Maple Leaf Foods Recall
Last week Maple Leaf Foods announced a voluntary recall of meat products produced at their packing plant in Toronto, Ontario as a result of several cases of illness and death linked to food products contaminated with Listeriosis.
The outbreak and recall has received a considerable amount of attention from the media. In fact, it would be an understatement to describe the reaction as a “frenzy”.
Several Lawsuits Filed
Not surprisingly this week saw at least 5 class actions filed on behalf of people who suffered illness, death, mental distress or financial loss as a result of the tainted meat recall.
Recall to Cost Millions
Maple Leaf Foods predicted that the recall would cost the company $20 million dollars.
Stock prices have "plunged" hitting record lows in less than a week.
Risks Not Explained
The shock and fear expressed by the public as a result of this recall has served to highlight the risks inherent in our food safety system. Unfortunately I have not seen a great deal of media coverage explaining the risks to the public as a result of this outbreak.
Fortunately, the general public, as a whole, has little risk of contracting any serious illness or suffering a fatality as a result of contracting listeriosis.
Unfortunately, the persons who are most likely to contract the disease, and suffer serious illness or death, are those members of society who are most vulnerable; the very young, the elderly, those who are sick or frail, and pregnant women.
What is Listeria?
Listeria is a bacteria. It is commonly found in soil, vegetation, animal feed and in feces.
What are the Symptoms?
Infants, the elderly and those who are already sick or frail are most susceptible to becoming ill after exposure to listeria. Symptoms include vomiting, nausea, diarrhea, headache and fever. The disease is often misdiagnosed as the flu.
How Long Before Symptoms Appear?
Symptoms usually appear within 2 days to a week after consuming food contaminated with listeria. However, the bacteria can colonize for up to 30 days before symptoms appear.
The symptoms can be treated effective through the use of antibiotics. However, if symptoms are not treated promptly they can develop into more serious problems like septicemia ( blood infection) or meningitis or encephalitis (brain infections).
I have included a link to the Canadian Food Inspection Agency's Listeria site for more information.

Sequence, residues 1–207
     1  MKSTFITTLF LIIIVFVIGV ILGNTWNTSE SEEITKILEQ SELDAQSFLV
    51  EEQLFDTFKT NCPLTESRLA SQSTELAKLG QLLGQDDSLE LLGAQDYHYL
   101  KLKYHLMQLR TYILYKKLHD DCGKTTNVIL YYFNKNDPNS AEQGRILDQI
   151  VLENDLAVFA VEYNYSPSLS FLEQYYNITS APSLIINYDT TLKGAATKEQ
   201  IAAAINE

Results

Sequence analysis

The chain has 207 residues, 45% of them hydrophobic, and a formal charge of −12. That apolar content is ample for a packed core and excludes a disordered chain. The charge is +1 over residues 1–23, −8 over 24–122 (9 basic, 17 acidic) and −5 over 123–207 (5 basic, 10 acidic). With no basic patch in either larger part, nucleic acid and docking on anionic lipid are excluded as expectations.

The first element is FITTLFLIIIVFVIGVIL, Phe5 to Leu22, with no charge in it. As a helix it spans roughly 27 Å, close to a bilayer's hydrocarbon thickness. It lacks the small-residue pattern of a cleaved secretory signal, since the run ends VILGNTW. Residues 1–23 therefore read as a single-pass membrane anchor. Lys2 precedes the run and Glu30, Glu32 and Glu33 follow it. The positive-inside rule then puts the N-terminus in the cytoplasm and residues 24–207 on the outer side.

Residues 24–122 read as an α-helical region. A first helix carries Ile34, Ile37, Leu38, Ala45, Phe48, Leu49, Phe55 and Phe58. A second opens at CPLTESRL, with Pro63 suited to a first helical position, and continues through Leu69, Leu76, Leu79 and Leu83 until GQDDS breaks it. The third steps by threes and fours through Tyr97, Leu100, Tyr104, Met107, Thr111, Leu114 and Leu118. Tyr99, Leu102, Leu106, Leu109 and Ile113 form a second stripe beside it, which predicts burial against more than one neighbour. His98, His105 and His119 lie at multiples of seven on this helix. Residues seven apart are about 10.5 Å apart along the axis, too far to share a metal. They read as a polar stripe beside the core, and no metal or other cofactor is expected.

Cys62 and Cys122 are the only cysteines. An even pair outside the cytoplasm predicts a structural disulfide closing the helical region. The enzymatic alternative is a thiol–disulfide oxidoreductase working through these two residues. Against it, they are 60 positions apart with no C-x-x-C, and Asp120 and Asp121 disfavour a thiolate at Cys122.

Maple Leaf Food’s Response
From a public relations standpoint, I have to applaud Maple Leaf Food’s response to the recall. The CEO of Maple Leaf Foods, Michael McCain, immediately issued a public apology (no doubt something the company lawyers urged him not to do).
Although the apology may slightly increase the risk that Maple Leaf Foods will be found legally liable for losses suffered as a result of the outbreak, I think it will do a great deal to increase the public’s confidence in Maple Leaf Foods and limit the number of people who will consider suing the company if they haven’t suffered a catastrophic illness or lost a love one.
I expect the apology will also do a great deal to protect the value of Maple Leaf shares in the long run. In fact it appears that the apology is already having a positive effect. Maple Leaf's stock prices rose today.
The value of an apology cannot be underestimated. I posted about this issue a few months ago on my other blog, Halifax Medical Malpractise Lawyer Blog, Doctors: Say “I’m sorry” and Don’t get Sued! The New York Times reported on a study that found that doctors who apologized for their mistakes get sued far less often than doctors who refuse to admit that they have done anything wrong.
This listeria outbreak is truly a tragedy. My sympathies are with all of those who have lost loved ones as a result of this totally preventable illness. Time will tell if Maple Leaf Food’s conduct in not preventing the outbreak will result in the company being held legally liable.
In the mean time, the public needs to educate itself about the risks inherent in our food safety system.
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Listeria Outbreak and Lawsuits Highlight Risks/Misunderstandings of Food Safety System